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REVIEWS The biofilm matrix Hans-Curt Flemming and Jost Wingender Abstract | The microorganisms in biofilms live in a self-produced matrix of hydrated extracellular polymeric substances (EPS) that form their immediate environment. EPS are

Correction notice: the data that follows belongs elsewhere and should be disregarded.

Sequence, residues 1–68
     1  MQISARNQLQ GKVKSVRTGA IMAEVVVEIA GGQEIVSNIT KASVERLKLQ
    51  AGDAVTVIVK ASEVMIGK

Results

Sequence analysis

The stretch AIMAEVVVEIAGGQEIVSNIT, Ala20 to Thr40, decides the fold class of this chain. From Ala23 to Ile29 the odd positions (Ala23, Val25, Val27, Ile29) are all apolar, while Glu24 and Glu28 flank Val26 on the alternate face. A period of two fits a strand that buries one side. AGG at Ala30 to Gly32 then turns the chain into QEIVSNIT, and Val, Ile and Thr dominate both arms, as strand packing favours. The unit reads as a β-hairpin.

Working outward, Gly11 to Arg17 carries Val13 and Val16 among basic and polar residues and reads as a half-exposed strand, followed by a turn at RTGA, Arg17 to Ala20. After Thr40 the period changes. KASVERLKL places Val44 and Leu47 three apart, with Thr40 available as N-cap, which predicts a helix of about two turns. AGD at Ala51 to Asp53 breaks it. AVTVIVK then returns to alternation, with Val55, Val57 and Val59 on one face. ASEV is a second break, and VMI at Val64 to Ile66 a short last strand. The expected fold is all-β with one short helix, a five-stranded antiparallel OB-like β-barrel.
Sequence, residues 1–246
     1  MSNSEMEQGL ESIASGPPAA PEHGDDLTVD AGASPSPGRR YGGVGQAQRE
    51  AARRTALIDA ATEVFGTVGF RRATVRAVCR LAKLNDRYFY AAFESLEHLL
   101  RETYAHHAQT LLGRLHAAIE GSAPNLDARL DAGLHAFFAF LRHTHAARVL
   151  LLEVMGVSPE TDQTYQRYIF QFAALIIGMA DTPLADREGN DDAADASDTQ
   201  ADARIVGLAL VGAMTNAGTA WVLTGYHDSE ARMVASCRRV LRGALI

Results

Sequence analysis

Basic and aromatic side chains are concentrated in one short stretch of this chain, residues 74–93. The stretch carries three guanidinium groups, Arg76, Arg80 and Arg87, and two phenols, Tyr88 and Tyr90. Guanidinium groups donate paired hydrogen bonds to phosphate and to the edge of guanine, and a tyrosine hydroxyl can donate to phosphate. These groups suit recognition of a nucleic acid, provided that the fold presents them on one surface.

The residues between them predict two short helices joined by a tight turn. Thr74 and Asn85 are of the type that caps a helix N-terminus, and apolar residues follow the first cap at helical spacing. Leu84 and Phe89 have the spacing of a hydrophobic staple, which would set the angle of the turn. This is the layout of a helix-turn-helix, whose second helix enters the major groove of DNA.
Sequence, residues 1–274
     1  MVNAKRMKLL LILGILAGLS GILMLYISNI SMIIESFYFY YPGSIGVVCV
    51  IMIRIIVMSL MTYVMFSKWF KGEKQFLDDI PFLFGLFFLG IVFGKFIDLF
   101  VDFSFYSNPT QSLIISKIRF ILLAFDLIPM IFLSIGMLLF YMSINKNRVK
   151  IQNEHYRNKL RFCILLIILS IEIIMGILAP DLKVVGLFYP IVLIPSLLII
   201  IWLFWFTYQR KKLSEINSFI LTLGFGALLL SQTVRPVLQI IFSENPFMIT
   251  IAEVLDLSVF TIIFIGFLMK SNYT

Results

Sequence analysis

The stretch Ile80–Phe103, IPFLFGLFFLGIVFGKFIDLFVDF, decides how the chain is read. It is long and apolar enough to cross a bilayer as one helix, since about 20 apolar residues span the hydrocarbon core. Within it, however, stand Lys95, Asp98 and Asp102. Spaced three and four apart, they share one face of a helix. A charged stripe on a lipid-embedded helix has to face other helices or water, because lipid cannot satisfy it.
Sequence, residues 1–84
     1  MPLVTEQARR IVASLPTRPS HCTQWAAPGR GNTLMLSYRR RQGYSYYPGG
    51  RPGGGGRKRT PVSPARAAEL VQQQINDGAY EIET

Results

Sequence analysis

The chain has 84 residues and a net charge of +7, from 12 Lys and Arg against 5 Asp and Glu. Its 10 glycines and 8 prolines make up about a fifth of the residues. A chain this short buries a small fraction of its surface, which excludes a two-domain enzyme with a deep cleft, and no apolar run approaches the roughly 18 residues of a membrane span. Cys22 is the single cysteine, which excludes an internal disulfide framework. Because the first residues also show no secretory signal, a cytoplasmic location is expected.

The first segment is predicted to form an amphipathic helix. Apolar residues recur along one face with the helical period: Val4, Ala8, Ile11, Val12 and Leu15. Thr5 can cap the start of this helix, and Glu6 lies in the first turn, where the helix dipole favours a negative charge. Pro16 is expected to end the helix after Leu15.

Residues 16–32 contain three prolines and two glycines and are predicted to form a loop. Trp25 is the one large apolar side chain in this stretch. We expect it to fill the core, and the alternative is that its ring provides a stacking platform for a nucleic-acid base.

Microorganisms do not live as pure cultures of dis-persed single cells but instead accumulate at interfaces to form polymicrobial aggregates such as films, mats, flocs, sludge or ‘ biofilms ’ (REF. 1) . In most biofilms, the microorganisms account for less than 10% of the dry mass, whereas the matrix can account for over 90%. The matrix is the extracellular material, mostly produced by the organisms themselves, in which the biofilm cells are embedded. It consists of a conglomeration of dif-ferent types of biopolymers — known as extracellular poly meric substances  (EPS) — that forms the scaffold for the three-dimensional architecture of the biofilm and is responsible for adhesion to surfaces and for cohe-sion in the biofilm. The formation of a biofilm allows a lifestyle that is entirely different from the planktonic state. Although “the precise and molecular interactions of the various secreted biofilm matrix polymers … have not been defined, and the contributions of these com-ponents to matrix integrity are poorly understood at a molecular level” (REF. 2) , several functions of EPS have been determined (TABLE 1) , demonstrating a wide range of advantages for the biofilm mode of life.EPS immobilize biofilm cells and keep them in close proximity, thus allowing for intense interactions, including cell–cell communication, and the formation of synergistic microconsortia. Owing to the retention of extracellular enzymes, a versatile external diges-tive system is generated, sequestering dissolved and particulate nutrients from the water phase and allow-ing them to be utilized as nutrient and energy sources. The matrix also acts as a recycling centre by keeping all of the components of lysed cells available. This includes DNA, which may represent a reservoir of genes for hori-zontal gene transfer. EPS can also serve as a nutrient source, although some components of EPS are only slowly biodegradable and, owing to the complexity of EPS, complete degradation of all components requires a wide range of enzymes. The matrix protects organisms against desiccation, oxidizing or charged biocides, some anti biotics and metallic cations, ultraviolet radiation, many (but not all) protozoan grazers and host immune defences. Ecologically, competition and cooperation in the confined space of the EPS matrix lead to a constant adaptation of population fitness.It is unclear whether the matrix confers an ecologi-cal advantage on all cells in the biofilm, in particular those that are furthest from the surface. Simulations of competition in a biofilm revealed a strong evolution-ary benefit for polymer producers at the expense of non-producers, possibly because polymers push the daughter cells of polymer producers closer to oxygen-rich environments 3 .EPS have been called ‘the dark matter of biofilms’ because of the large range of matrix biopolymers and the difficulty in analysing them 4 . EPS can vary greatly between biofilms, depending on the microorganisms present, the shear forces experienced, the temperature and the availability of nutrients. EPS were initially denoted ‘extracellular polysaccharides’ but were renamed, as it became clear that the matrix also contains proteins, nucleic acids, lipids and other biopolymers such as humic substances 1,5 . Extracellular bacterial structures such as flagella , pili  and fimbriae  can also stabilize the matrix 6 . Membrane vesicles  derived from outer membranes of Gram-negative bacteria can contain a range of enzymes and DNA and can alter matrix properties 7 , sometimes acting as ‘killer vesicles’ targeted at competing biofilm organisms. Biofilm Centre, University of Duisburg-Essen, Geibelstrasse 41, D-47057 Duisburg, Germany.Correspondence to H.-C.F. e-mail: doi:10.1038/nrmicro2415 Published online 2 August 2010 Biofilm A loose definition for microbial aggregates that usually accumulate at a solid–liquid interface and are encased in a matrix of highly hydrated EPS. Included in this definition are cell aggregates such as flocs (floating biofilms) and sludge, which are not attached to an interface but which share the characteristics of biofilms. Multispecies biofilms can form stable microconsortia, develop physiochemical gradients, and undergo horizontal gene transfer and intense cell–cell communication, and these consortia therefore represent highly competitive environments. The biofilm matrix Hans-Curt Flemming and Jost Wingender  Abstract | The microorganisms in biofilms live in a self-produced matrix of hydrated extracellular polymeric substances (EPS) that form their immediate environment. EPS are mainly polysaccharides, proteins, nucleic acids and lipids; they provide the mechanical stability of biofilms, mediate their adhesion to surfaces and form a cohesive, three-dimensional polymer network that interconnects and transiently immobilizes biofilm cells. In addition, the biofilm matrix acts as an external digestive system by keeping extracellular enzymes close to the cells, enabling them to metabolize dissolved, colloidal and solid biopolymers. Here we describe the functions, properties and constituents of the EPS matrix that make biofilms the most successful forms of life on earth. REVIEWS NATURE REVIEWS |   MICROBIOLOGY  VOLUME 8 |  SEPTEMBER 2010 |   623 © 20 Macmillan Publishers Limited. All rights reserved10  Extracellular polymeric substances Hydrated biopolymers (including polysaccharides, proteins, nucleic acids and lipids) that are secreted by biofilm cells to encase and immobilize microbial aggregates. These biopolymers are responsible for the macroscopic appearance of biofilms, which are frequently referred to as ‘slime’. Globally, EPS represent a dominant fraction of the reduced-carbon reservoir in soils and in sediments, and suspended aggregates in oceans and freshwater. There, they serve as nutrients and thus play an important part in microbial ecology  8–12 .In this Review, we focus on the role of these matrix components in the architecture of bacterial biofilms, discuss the challenges of isolating EPS and describe the different components of biofilms. BOX 1  provides infor-mation about EPS of other organisms. EPS and biofilm architecture Cells in a biofilm are surrounded by EPS, which consti-tute the immediate environment of these cells. Some EPS, in particular those forming capsules , are associated more closely with cell surfaces than others. The formation and maintenance of structured multicellular microbial communities crucially depend on the production and quantity of EPS 13 . The concentration, cohesion, charge, sorption capacity, specificity and nature of the individual components of EPS, as well as the three-dimensional architecture of the matrix (the dense areas, pores and channels), determine the mode of life in a given biofilm. The resulting biofilm morphology can be smooth and flat, rough, fluffy or filamentous, and the biofilm can also vary in its degree of porosity, having mushroom-like macrocolonies surrounded by water-filled voids. All of these morphologies have the same effect: to transiently immobilize biofilm cells and allow the existence of long-term mixed-species microconsortia, with their interac-tions and gradients; this provides very diverse habitats on a small scale, favouring biodiversity. Table 1 |   Functions of extracellular polymeric substances in bacterial biofilms Function Relevance for biofilmsEPS components involved Adhesion Allows the initial steps in the colonization of abiotic and biotic surfaces by planktonic cells, and the long-term attachment of whole biofilms to surfacesPolysaccharides, proteins, DNA and amphiphilic moleculesAggregation of bacterial cellsEnables bridging between cells, the temporary immobilization of bacterial populations, the development of high cell densities and cell–cell recognitionPolysaccharides, proteins and DNACohesion of biofilmsForms a hydrated polymer network (the biofilm matrix), mediating the mechanical stability of biofilms (often in conjunction with multivalent cations) and, through the EPS structure (capsule, slime or sheath), determining biofilm architecture, as well as allowing cell–cell communicationNeutral and charged polysaccharides, proteins (such as amyloids and lectins), and DNARetention of waterMaintains a highly hydrated microenvironment around biofilm organisms, leading to their tolerance of dessication in water-deficient environments Hydrophilic polysaccharides and, possibly, proteinsProtective barrierConfers resistance to nonspecific and specific host defences during infection, and confers tolerance to various antimicrobial agents (for example, disinfectants and antibiotics), as well as protecting cyanobacterial nitrogenase from the harmful effects of oxygen and protecting against some grazing protozaPolysaccharides and proteinsSorption of organic compoundsAllows the accumulation of nutrients from the environment and the sorption of xenobiotics (thus contributing to environmental detoxification)Charged or hydrophobic polysaccharides and proteinsSorption of inorganic ionsPromotes polysaccharide gel formation, ion exchange, mineral formation and the accumulation of toxic metal ions (thus contributing to environmental detoxification)Charged polysaccharides and proteins, including inorganic substituents such as phosphate and sulphateEnzymatic activityEnables the digestion of exogenous macromolecules for nutrient acquisition and the degradation of structural EPS, allowing the release of cells from biofilmsProteinsNutrient sourceProvides a source of carbon-, nitrogen- and phosphorus-containing compounds for utilization by the biofilm communityPotentially all EPS componentsExchange of genetic informationFaciliates horizontal gene transfer between biofilm cellsDNA Electron donor or acceptorPermits redox activity in the biofilm matrixProteins (for example, those forming pili and nanowires) and, possibly, humic substancesExport of cell componentsReleases cellular material as a result of metabolic turnoverMembrane vesicles containing nucleic acids, enzymes, lipopolysaccharides and phospholipidsSink for excess energyStores excess carbon under unbalanced carbon to nitrogen ratiosPolysaccharidesBinding of enzymesResults in the accumulation, retention and stabilization of enzymes through their interaction with polysaccharidesPolysaccharides and enzymes EPS, extracellular polymeric substances. REVIEWS 624 |  SEPTEMBER 2010 |  VOLUME 8 © 20 Macmillan Publishers Limited. All rights reserved10  Humic substance A component of the natural organic matter in soil and water enviroments. Humic substances are mixtures of compounds that are formed by limited degradation and transformation of dead organic matter and that are resistant to complete biodegradation. They can be divided into three main fractions: humic acids, fulvic acids and humin. They usually include phenolic and polyaromatic compounds (containing peptide and carbohydrate moieties with carboxylic substituents), providing the acidic character. Flagellum A long, thin, helically shaped bacterial appendage that provides motility. A flagellum consists of several components and moves by rotation, much like a propeller. The motor is anchored in the cytoplasmic membrane and the cell wall. Pilus A bacterial surface structure that is similar to a fimbria but is typically a longer structure, and that is present on the cell surface in one or two copies. Pili can be receptors for bacteriophages and also facilitate genetic exchange between bacterial cells during conjugation. Type IV pili mediate twitching motility, which is a flagella-independent form of bacterial translocation over surfaces, and can be involved in biofilm development. The use of microelectrodes (to monitor oxygen levels, for example) revealed spatial heterogeneity in biofilms on a micrometre scale 14   (FIG. 1) . On the basis of staining with lectins  and imaging with confocal laser scanning microscopy to differentiate various EPS com-ponents and biofilm organisms, it was concluded that the EPS matrix provides a physical structure that segre-gates microdomains 15 . These regions harbour different biochemical environments that are enzymatically mod-ified in response to changing conditions. For further investigation of the matrix architecture, a reliable alloca-tion of the binding sites of lectins is crucial. Chemical analyses can possibly be put into a spatial context by combining confocal laser scanning microscopy and Raman microscopy 16   (BOX 2) . The architecture of biofilms is influenced by many factors, including hydrodynamic conditions, concen-tration of nutrients, bacterial motility and intercellu-lar communication as well as exopolysaccharides and proteins, as demonstrated by the altered morphology of biofilms produced by mutants lacking components of EPS. For example, exopolysaccharides of Vibrio chol-erae 17  and colanic acid of Escherichia coli 18  are involved in the formation of a three-dimensional biofilm archi-tecture. The Bacillus subtilis  biofilm matrix consists of an exopolysaccharide and the secreted protein TasA, both of which are required for the structural integrity of the matrix and the development of biofilm architecture in the form of fruiting body-like structures 19 . During aggre-gation of the soil bacterium  Myxococcus xanthus , the polysaccharide component of the extracellular matrix forms a scaffold within the fruiting-body structure 20 . One of the best studied exopolysaccharides involved in biofilm formation is alginate in the biofilms of mucoid strains of the opportunistic pathogen Pseudomonas aeruginosa 21,22 . Alginate is not essential for P. aeruginosa  biofilm formation 23 , but it has a notable effect on bio-film architecture when it is present. Under conditions in which alginate producers form structurally heterogene-ous biofilms, non-mucoid strains develop flat and more homogeneous biofilms (FIG. 2a–c) .Acetyl groups are common substituents of exopoly-saccharides, and they increase the adhesive and cohe-sive properties of EPS and alter biofilm architecture. The modification of alginate with acetyl groups strongly influ-ences the aggregation of bacteria into microcolonies and determines the structurally heterogeneous architecture of mature biofilms 21,22   (FIG. 2e,f) . Biofilm architecture can also be strongly influenced by the interaction of anionic EPS, containing carboxylic groups, with multivalent cations. For example, Ca 2+  can form a bridge between polyanionic alginate molecules, stimulating the devel-opment of thick and compact biofilms with increased mechanical stability  24   (FIG. 2d) . Isolation of EPS The identification of EPS components depends on the isolation method used. However, efficient EPS isola-tion is challenging, particularly for EPS from environ-mental biofilms, which can contain an immense range of components that each require different extraction methods. In a mixed-species biofilm, many members of the microbial community contribute their own (and often specific) EPS that then merge into a complex mix-ture 11  and remain in the matrix even after their pro-ducers have died or left the biofilm. Furthermore, it is next to impossible to quantitatively isolate EPS from a given biofilm, because some of the EPS fraction remains bound to the bacteria, and because the isolation pro-cedure damages cells, causing intracellular material to leak into the matrix.There is no universal EPS isolation method — the extraction procedure has to be adapted to the specific type of biofilm under investigation. Centrifugation, filtration, heating, blending, sonication, and treatment with complexing agents and with ion exchanger resins have been described 25,26 , and the use of sodium hydrox-ide has even been reported 27 , although this method almost certainly leads to contamination with cytoplas-mic components. One popular method uses a cation exchanger resin 28 , which removes the cations that bridge the negatively charged groups of the polysaccharide and protein moieties of EPS. Alginate from P. aeruginosa  is comprised solely of    uronic acids, which are not found inside the cells and can therefore be used as EPS mark-ers during isolation 29 . The presence of intracellular enzymes, such as glucose-6-phosphate 1-dehydrogenase (G6PD, also known as Zwf), indicates contamination with cellular components. Following extraction, a com-mon concentration step is to precipitate solubilized EPS by adding ethanol or acetone 11 ; however, this method primarily precipitates polysaccharides, leading to an underestimation of the other components of EPS.Common EPS isolation techniques inherently select for water-soluble EPS and lose insoluble EPS, including cellulose, which is an important constituent of the matri-ces of many bacteria. Cellulose plays an important part in biofilm-related infections caused by Escherichia coli , Klebsiella pneumoniae , Enterobacter spp.,  Citrobacter spp . and Salmonella enterica subsp.  enterica serovar Typhimurium 6,30–32 . Isolation of cellulose requires harsh conditions, such as treatment with acetic acid and nitric acid at 95 °C 3 . Exopolysaccharides Polysaccharides are a major fraction of the EPS matrix 28,29 . Most are long molecules, linear or branched, with a molecular mass of 0.5 × 10 6  daltons to 2 × 10 6  daltons. Box 1 | Extracellular polymeric substances from fungi, algae and archaea Extracellular polymeric substances (EPS) are not unique to bacteria. Some of the most abundant EPS producers are microalgae (in particular, diatoms) 103 . Microalgal EPS play important parts in the stabilization of sediments 104  and the entrainment of sand 105 , but they are also involved in marine fouling. The green alga Penium margaritaceum has been shown to produce large amounts of EPS (predominantly polysaccharides 106,107 ) that, in turn, support the growth of heterotrophic bacteria which use EPS as a substrate. Fungi (yeasts and moulds) also produce EPS. Examples are certain Candida  spp. 108  that produce EPS which are involved in the processes of flocculation, adhesion and biofilm formation 109 . The archaeon Sulfolobus solfataricus  produces polysaccharides in response to adhesion 110 ; other than this, there is surprisingly little information about the EPS matrices of archaea. REVIEWS NATURE REVIEWS |   MICROBIOLOGY  VOLUME 8 |  SEPTEMBER 2010 |   625 © 20 Macmillan Publishers Limited. All rights reserved10  CH 2 CH 2 OHCOO – COO –– OOCCH 2 OHCH 2 CH 2 OHOHCOO – Ca 2+ OHCH 2 OHElectrostatic attractive forcesIonicattractive forcesRepulsive forcesprevent collapsingHydrogen bonding van der Waalsinteractions  + + + ++ + + + +----------     PolysaccharideProteinDNA abcd Fimbria A filamentous structure composed of one or a few proteins that extends from the surface of a cell and can have diverse functions. Fimbriae are involved in attachment to both animate and inanimate surfaces and in the formation of pellicles and biofilms. They assist in the disease process of some pathogens, such as S. enterica , Neisseria gonorrhoea  and Bordetella  pertussis. Membrane vesicle A vesicle that is formed from the outer membrane of Gram-negative bacteria, is secreted from the cell surface and contains extracellular enzymes and nucleic acids. These vesicles may represent mobile elements in the EPS matrix. Capsule A discrete polysaccharide (sometimes also protein) layer that is firmly attached to the surface of a bacterial cell, closely surrounding it, in contrast to less compact, amorphous slime that is shed into the more distant extracellular environment. Lectin A protein or glycoprotein of plant, animal or microbial srcin that binds to carbohydrates with a characteristic specificity. Fluorescently labelled lectins can be used as probes to investigate EPS composition, enabling the microscopic in situ detection of EPS and their distribution in biofilms. Raman microscopy A spectroscopic technique based on inelastic light scattering (Raman scattering) of monochromatic laser light in the near-ultraviolet range, revealing vibrational, rotational and other low-frequency modes in a system. The technique is used for the analysis of chemical bonds and is suitable for very small volumes, allowing spectra and chemical information to be obtained for the molecules present in that volume. Several polysaccharides have been visualized by elec-tron microscopy as fine strands that are attached to the cell surface and form complex networks. Microscopic techniques in combination with specific carbohydrate staining using fluorescently labelled lectins or antibod-ies (BOX 2) , as well as biochemical analyses for inde-pendent verification, have demonstrated the ubiquity of matrix polysaccharides not only in biofilms from natural marine, freshwater and soil environments and from man-made water systems, but also in biofilms associated with chronic infections in humans and in pure-culture experimental biofilms. In recent years, exopolysaccharides from an extensive range of bacterial species from diverse environments have been isolated and characterized 33 .Several exopolysaccharides are homopolysaccharides, including the sucrose-derived glucans and fructans pro-duced by the streptococci in oral biofilms, and cellulose formed by Gluconacetobacter xylinus ,  Agrobacterium tumefaciens , Rhizobium spp. and    various species from the Enterobacteriaceae 6  and Pseudomonadaceae families 29 . However, most exopolysaccharides are Figure 1 |  The extracellular polymeric substances matrix at different dimensions. a | A model of a bacterial biofilm attached to a solid surface. Biofilm formation starts with the attachment of a cell to a surface. A microcolony forms through division of the bacterium, and production of the biofilm matrix is initiated. Other bacteria can then be recruited as the biofilm expands owing to cell division and the further production of matrix components. b | The major matrix components — polysaccharides, proteins and DNA — are distributed between the cells in a non-homogeneous pattern, setting up differences between regions of the matrix. c  | The classes of weak physicochemical interactions and the entanglement of biopolymers that dominate the stability of the EPS matrix 47 . d  | A molecular modelling simulation of the interaction between the exopolysaccharide alginate (right) and the extracellular enzyme lipase (left) of Pseudomonas aeruginosa  in aqueous solution. The starting structure for the simulation of the lipase protein was obtained from the Protein Data Bank 117 . The coloured spheres represent 1,2-dioctylcarbamoyl-glycero-3- O -octylphosphonate in the lipase active site (which was present as part of the crystal structure), except for the green sphere, which represents a Ca 2+  ion. The aggregate is stabilized by the interaction of the positively charged amino acids arginine and histidine (indicated in blue) with the polyanionic alginate. Water molecules are not shown. Image courtesy of H. Kuhn, CAM-D Technologies, Essen, Germany. REVIEWS 626 |  SEPTEMBER 2010 |  VOLUME 8 © 20 Macmillan Publishers Limited. All rights reserved10